Buffett and Ben: That’s As Good As It Gets—Redux—Part II
You will recall that last month’s column commemorated the tenth anniversary of a five part series of articles appearing in Viewpointe that provided a history of Warren Buffett and the incredible success of his company, Berkshire Hathaway. The column ended with the following statement: “It is impossible for the average investor to duplicate his [Warren Buffett’s] business experience, intuition, and innate ability to discern the difference between a great buying opportunity and one that is just mediocre. You might be able to imitate his techniques, but no one can imitate the man. While that conclusion may be a big letdown after investing time and effort in reading this series of articles, and having the Holy Grail within your grasp, but all is not lost. There are other options.” Following are the options referred to, as well as the rest of the ten-year old column that I believe has as much relevancy today as it did then.
The Option Game
Option #1: The simplest and most effective way to duplicate Buffett’s future performance is to allow him to manage your money. That’s right! Instead of searching for the (elusive) talented stockbroker, money manager, or mutual fund manager, you can hire Warren Buffett, acknowledged as the world’s best investor ever, to be your personal money manger (at no cost to you). How? Buy shares in Berkshire Hathaway. This is not to be construed as a recommendation or suggestion that your portfolio will benefit from this advice. However, if you believe that Buffett will continue to outperform the market averages, your performance will equal his. If the Class A shares of BRK are too pricey at some $90,000 per share, the “B” shares can be bought for under $60.00 [as of the end of January 2004].
The Best Advice
Option #2: With all the precepts, tenets, and principles espoused in the many books and articles based on the wisdom of the Oracle of Omaha, as Buffett is called, all but a few professionals can really implement these ideas, as absolute as they may be. The second option is simplicity personified. Usually, cheap advice is worthless. However, the true value of advice is usually predicated on the quality of the source. In this case, the source is Warren Buffett himself, and the advice costs you nothing. In essence, in a single, uncomplicated, easy to understand sentence, Buffett provides another form of the Holy Grail of Investments for the average investor. He states, “Let me add a few thoughts about your own investments. Most investors, both institutional and individual, will find that the best way to own common stocks is through an index fund that charges minimal fees. Those following this path are sure to beat the net results (after fees and expenses) delivered by the great majority of investment professionals.” That’s As Good As It Gets. [That was the end of the five-part article.]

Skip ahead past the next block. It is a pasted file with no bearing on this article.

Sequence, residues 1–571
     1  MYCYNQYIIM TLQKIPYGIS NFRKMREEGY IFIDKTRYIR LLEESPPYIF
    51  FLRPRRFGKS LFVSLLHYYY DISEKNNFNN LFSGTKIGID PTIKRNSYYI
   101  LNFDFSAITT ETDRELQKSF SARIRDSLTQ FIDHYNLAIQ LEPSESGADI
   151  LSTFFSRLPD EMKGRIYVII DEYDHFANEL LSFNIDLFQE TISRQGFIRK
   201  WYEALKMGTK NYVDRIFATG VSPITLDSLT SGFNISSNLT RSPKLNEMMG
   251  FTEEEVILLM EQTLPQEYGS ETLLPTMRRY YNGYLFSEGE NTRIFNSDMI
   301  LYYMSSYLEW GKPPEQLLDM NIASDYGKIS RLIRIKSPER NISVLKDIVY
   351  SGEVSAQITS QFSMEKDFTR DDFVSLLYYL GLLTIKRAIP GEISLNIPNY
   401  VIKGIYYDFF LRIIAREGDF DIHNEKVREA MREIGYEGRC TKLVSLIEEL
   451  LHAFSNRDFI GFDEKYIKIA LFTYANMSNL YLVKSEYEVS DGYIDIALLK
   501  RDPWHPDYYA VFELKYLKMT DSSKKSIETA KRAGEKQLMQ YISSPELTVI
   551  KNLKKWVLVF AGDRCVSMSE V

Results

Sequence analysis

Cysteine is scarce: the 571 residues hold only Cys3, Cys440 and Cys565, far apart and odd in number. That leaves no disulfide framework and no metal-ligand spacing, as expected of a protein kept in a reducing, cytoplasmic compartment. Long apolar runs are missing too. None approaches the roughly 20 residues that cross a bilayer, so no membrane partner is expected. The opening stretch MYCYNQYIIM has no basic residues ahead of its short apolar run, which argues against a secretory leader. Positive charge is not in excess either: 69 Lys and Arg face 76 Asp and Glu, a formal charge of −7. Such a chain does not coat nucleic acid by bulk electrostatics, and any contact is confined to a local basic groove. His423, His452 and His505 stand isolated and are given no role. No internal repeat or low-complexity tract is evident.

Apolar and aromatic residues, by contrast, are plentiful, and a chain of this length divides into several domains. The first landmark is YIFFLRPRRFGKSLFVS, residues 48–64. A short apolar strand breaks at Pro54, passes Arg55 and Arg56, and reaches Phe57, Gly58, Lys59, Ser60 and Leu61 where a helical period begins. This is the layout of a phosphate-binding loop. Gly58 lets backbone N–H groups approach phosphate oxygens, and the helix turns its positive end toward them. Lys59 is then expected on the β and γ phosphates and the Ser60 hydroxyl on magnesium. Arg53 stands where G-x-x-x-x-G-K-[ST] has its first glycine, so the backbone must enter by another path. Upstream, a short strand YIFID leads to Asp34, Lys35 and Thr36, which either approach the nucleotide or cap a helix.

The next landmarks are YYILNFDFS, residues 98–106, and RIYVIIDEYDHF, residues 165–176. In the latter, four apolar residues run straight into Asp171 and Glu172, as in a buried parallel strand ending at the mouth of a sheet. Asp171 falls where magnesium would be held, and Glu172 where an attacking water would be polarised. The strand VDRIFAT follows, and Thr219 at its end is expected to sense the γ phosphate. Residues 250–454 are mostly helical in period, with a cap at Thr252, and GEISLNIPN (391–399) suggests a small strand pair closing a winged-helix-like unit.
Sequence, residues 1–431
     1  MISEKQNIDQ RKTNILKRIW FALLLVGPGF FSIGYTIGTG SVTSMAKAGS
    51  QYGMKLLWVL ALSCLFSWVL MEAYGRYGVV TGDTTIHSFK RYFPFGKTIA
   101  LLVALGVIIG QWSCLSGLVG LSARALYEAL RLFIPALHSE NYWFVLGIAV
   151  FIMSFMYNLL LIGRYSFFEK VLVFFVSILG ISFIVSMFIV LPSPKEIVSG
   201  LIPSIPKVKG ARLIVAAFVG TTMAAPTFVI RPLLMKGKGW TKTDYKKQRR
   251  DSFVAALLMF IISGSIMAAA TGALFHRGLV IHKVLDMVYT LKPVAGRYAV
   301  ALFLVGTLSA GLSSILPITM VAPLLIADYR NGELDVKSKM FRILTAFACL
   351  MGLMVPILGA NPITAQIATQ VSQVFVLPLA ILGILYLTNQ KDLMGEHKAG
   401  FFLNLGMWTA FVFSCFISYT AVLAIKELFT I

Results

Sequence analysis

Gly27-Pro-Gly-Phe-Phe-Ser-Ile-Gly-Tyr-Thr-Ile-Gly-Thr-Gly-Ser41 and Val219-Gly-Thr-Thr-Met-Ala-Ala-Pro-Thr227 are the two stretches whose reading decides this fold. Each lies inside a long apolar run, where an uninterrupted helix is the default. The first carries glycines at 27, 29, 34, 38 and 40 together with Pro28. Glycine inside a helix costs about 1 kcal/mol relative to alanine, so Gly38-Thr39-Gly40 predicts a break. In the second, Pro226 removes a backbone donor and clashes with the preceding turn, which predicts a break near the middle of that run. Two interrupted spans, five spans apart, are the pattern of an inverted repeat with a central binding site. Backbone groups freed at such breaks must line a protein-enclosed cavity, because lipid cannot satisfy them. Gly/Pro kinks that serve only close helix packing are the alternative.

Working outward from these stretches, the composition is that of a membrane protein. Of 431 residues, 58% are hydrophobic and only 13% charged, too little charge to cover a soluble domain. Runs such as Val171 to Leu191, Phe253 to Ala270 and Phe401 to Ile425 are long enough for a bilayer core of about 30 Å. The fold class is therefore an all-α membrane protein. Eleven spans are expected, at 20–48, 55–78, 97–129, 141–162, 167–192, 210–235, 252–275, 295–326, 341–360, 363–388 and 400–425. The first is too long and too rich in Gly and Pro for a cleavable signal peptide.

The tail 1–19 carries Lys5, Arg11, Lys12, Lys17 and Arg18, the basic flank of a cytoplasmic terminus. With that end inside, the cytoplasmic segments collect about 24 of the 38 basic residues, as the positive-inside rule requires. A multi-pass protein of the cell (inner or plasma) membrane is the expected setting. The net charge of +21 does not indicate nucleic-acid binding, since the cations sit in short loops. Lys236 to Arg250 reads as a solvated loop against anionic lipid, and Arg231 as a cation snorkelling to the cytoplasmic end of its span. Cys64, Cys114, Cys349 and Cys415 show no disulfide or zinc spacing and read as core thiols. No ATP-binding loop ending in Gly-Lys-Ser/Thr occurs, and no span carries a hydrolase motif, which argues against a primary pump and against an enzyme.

If you had followed option #1 mentioned above, investing in Berkshire Hathaway as a proxy for Buffett, as of this writing, the ten-year old $90,000 “A” share is now worth $190,000, and a $60 “B” share $127, more than doubling your investment. However, there is much more to this story than even I expected. Going back into my “archives” of articles I have written for Viewpointe, I made three surprising discoveries. From a personal standpoint, I discovered that my articles have been appearing in Viewpointe for much longer than I realized––some 22 years. The second surprise was a Viewpointe article on Warren Buffett, written by me 19 years ago in March 1995, but forgotten until now. Here is a quote from that article:
“When I first became aware of Berkshire Hathaway in 1991, I was tempted to buy one share at a price of $8,000. That was after an incredible run up in price. My failure to do so mimicked the famous Jackie Mason reply to the question? ‘Why don’t you buy it now?’ He responds, ‘Now? Now it’s too late.’” I then wrote, “If you are a student of Warren Buffett, you must come to the conclusion, it’s never too late.” Until recently, most investment observers would have agreed with that assumption.
Above, I mention a price of $8,000 for Berkshire stock in 1991. By the time the March 1995 article was written, the price had almost tripled, to $23.000. Approaching a price of $200,000 now in 2014, can anyone argue that it’s never too late to buy Berkshire Hathaway stock? Here’s a surprising answer––maybe. In order to understand this, it’s important to know how Warren Buffett measures his own performance, using his own numbers.